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Could you please tell me, How to evaluate this integral which involve hermite polynomials, $\int_{-\infty}^\infty e^{-ax^2}x^{2q}H_m(x)H_n(x)\,dx=?$ where $H_n$ is the $n$-th Hermite polynomial (Physicist's version) and $q,\,m$ and $n$ are positive integers. If $x^{2q}$ term were absent, I am able to perform the integral by writing the product of the Hermite polynomials into a single Hermite polynomial with a higher degree. Can anybody give me a hint to perform this integral?

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  • $\begingroup$ But $y^{2q}$ (and $e^{-ay^2}$) is independent of $x$... $\endgroup$ – JohnD Dec 4 '13 at 16:25
  • $\begingroup$ sorry man, Now it is corrected in terms of x $\endgroup$ – Sijo Joseph Dec 4 '13 at 16:33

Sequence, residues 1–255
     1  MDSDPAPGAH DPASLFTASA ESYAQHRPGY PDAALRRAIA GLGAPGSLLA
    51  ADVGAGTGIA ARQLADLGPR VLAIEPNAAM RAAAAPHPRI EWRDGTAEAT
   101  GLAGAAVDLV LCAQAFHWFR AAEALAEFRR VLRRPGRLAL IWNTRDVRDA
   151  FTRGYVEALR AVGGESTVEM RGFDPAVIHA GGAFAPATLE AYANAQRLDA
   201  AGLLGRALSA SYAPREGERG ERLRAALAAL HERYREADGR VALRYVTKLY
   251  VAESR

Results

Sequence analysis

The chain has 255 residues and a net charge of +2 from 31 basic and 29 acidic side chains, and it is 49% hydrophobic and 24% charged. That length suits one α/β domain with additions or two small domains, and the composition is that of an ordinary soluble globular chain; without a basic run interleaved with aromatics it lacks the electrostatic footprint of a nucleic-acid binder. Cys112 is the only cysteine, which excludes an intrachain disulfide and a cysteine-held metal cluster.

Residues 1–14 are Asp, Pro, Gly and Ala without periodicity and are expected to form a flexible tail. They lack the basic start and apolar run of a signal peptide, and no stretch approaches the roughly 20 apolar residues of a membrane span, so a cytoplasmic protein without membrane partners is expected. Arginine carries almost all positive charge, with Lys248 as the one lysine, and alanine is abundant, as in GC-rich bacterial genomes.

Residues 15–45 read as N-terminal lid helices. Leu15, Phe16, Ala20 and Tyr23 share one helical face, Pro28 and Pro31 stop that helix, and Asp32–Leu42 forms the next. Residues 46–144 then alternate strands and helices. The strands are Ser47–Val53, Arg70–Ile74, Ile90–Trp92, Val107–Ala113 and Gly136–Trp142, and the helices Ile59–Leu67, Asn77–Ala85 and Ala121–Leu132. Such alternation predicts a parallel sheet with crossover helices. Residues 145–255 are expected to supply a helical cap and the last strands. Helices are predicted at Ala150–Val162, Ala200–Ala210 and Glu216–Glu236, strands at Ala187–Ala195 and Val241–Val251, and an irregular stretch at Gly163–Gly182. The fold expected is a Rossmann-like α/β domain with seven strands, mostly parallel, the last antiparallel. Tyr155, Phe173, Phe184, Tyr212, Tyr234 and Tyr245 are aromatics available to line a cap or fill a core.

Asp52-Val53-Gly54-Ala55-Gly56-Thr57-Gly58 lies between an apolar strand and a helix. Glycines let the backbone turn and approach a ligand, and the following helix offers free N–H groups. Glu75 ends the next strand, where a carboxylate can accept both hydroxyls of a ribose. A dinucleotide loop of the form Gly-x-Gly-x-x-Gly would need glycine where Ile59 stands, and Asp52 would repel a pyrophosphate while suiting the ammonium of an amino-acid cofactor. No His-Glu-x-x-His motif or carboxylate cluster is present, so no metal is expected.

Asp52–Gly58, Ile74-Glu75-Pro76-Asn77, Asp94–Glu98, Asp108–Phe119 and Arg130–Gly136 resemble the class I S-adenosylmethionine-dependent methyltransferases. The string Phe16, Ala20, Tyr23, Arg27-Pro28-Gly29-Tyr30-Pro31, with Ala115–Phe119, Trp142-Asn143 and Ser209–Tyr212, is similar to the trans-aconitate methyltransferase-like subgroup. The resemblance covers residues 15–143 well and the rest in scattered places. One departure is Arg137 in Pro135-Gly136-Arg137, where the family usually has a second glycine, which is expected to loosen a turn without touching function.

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You say you know how to do it when the $x^{2q}$ term is missing. But the following website explains the effect of multiplying a Hermite polynomial by $x$, and you could just apply this rule $2q$ times.

http://en.wikipedia.org/wiki/Hermite_polynomials#Recursion_relation_2

I know you will end up with a bit of a mess. But at least this should work to give concrete formulae in the case that $q$ is small.

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  • $\begingroup$ Thanks man, that will work. But it will be a series solution, anyway thanks for the hint. Warm welcome to similar and other ideas. $\endgroup$ – Sijo Joseph Dec 5 '13 at 20:24

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